Fan Belt @ Summerfest – Modest Mouse, Miller Lite Oasis, Saturday, July 3
At 10:00 p.m. (on the dot!), air raid sirens wailed from assorted wall of speakers, bombs bursted in mid-air over the Milwaukee lakefront and the teeming hormonal mass of marijuana and beer-fueled youth rose up to roar as Modest Mouse took the Miller Lite Oasis stage.
Issac Brock, the guts and brains of the biggest band to lurch forth from The Great Northwest since Nirvana, pulled a few familiar bedspring guitar notes to begin “Dramamine” from This Is A Long Drive For Someone With Nothing To Think About. He looked like a man from Seattle–bearded and tired.
The song began from its spare beginning to a torrential, cacophonous downpour: choppy guitars, two drummers, fat, looping bass lines. They were off to a good start.
Everyone knew “Float On” and everyone went wild. It’s their biggest hit, an unlikely one, popularized by a really great video MTV threw their media heft behind back in 2004. Radio followed suit, and Modest Mouse became nearly house-hold names from there.
I’ve seen Modest Mouse twice; once in 2000 — following the brilliant The Moon And Antarctica release — at Portland’s famed Crystal Ballroom, and once with Man Man at The Rave here in Milwaukee. Man Man put on a show that Modest Mouse had no hope of matching and left the venue packing up and taking all the momentum with them. And the sound was (as always) horrible at The Rave. In Portland, on their own turf, they were
good, not great. The Crystal Ballroom is charming, but it’s another echoing cave built for the non-amplified sound of the 1920s.
I’ve come to think of Modest Mouse as an excellent studio band, but not the greatest group to see live. By the end of “Bury Me With It,” I began to rethink my position.
I found a spot just behind the soundboard so I could hear what they were hearing (as there was no hope of getting anywhere within beer-throwing distance of the stage) and what I heard was sparkling clean. I thought about all this as a kid crowd-surfed behind me while “Education” blared, packed thick with electric guitar. The song ends and, as if on cue, crowd drops kid, kid hits ground. Irony, ha ha.
The opening notes to “3rd Planet,” the lead track from 2000’s The Moon And Antarctica, has always given me chills. The crowd knew the words, and I’m felt warm and happy suddenly… “3rd Planet” is no radio hit. It’s packed with both wonder and regret… and not for mass consumption. Again, I’m thinking of Crystal Ballroom a full decade ago.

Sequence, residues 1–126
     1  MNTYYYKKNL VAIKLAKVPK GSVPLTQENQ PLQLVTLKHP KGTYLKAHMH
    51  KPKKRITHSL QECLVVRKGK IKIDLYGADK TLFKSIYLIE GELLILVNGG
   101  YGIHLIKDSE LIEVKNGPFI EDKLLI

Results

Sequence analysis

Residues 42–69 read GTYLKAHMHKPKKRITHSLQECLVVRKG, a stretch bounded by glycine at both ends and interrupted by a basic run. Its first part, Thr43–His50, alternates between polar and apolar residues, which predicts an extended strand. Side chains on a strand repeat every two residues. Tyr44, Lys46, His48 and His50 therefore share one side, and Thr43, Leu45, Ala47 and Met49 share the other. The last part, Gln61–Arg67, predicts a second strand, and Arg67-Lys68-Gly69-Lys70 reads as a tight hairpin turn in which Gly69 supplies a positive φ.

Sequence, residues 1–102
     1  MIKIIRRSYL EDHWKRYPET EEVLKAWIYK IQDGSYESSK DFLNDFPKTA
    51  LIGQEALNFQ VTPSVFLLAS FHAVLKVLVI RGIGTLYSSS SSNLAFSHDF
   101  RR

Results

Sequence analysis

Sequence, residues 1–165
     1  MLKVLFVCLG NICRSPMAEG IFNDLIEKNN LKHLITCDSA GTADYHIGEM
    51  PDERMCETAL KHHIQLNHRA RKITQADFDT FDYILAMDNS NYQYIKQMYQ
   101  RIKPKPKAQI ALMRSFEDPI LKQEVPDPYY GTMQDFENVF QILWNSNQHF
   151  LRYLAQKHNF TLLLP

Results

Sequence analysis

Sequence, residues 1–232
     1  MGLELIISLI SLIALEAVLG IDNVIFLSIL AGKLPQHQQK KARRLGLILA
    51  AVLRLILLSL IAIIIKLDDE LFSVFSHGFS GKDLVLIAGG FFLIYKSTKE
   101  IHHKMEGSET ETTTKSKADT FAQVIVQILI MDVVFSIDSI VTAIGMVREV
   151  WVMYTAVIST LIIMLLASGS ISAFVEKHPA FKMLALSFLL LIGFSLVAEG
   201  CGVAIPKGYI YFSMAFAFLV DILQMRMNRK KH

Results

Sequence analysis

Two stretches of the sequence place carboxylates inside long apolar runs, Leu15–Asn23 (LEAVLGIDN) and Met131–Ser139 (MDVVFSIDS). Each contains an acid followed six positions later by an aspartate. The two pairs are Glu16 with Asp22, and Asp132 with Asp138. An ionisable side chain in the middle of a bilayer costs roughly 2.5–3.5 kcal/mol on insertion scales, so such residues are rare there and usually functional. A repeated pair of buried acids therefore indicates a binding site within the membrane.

What I will always remember about that show was this group of little girls behind me, all tweens before there was such a term. They knew all the words (I know this because they sang them all) and my heart felt good. Back then, Modest Mouse was the big local band in the Northwest, a band that had a history of writing ponderous material that had layer upon layer of meaning to anyone who listened closely enough. I wondered what those girls grew up to be as Eric Judy hit the high and tight bass notes that give “3rd Planet” its bounce.
AND THEN… the inevitable. Modest Mouse ran outta gas. “Here’s To Now” was quiet, plunky and clunky. “Interstate 8” meandered, and Brock seemed disinterested. “Autumn Beds” made me want to lie down on the ground and nap. The sound guy lost the lead guitar early in “Gravity Rides Everything” and Brock, carrying an acoustic, planted his guitar up against an amp for some random noise to finish off the mess. “Cities Made Of Ashes” had percussion that sounded like engine knock and some heated fret work, which brought them back, but then… they left.
They made the crowd work their asses off for a full what, 10 minutes for an encore, and they came out with a lazy rendition of “Fire It Up,”which ain’t all that great a track to begin with. Then there was something else — Brock tells everyone not to drink and drive, with a GIANT, RIDICULOUS MILLER LITE VORTEX BOTTLE backdrop behind him.
I dunno. They were great for awhile, the best I’ve ever seen them. Inconsistency is Modest Mouse’s consistency, I guess.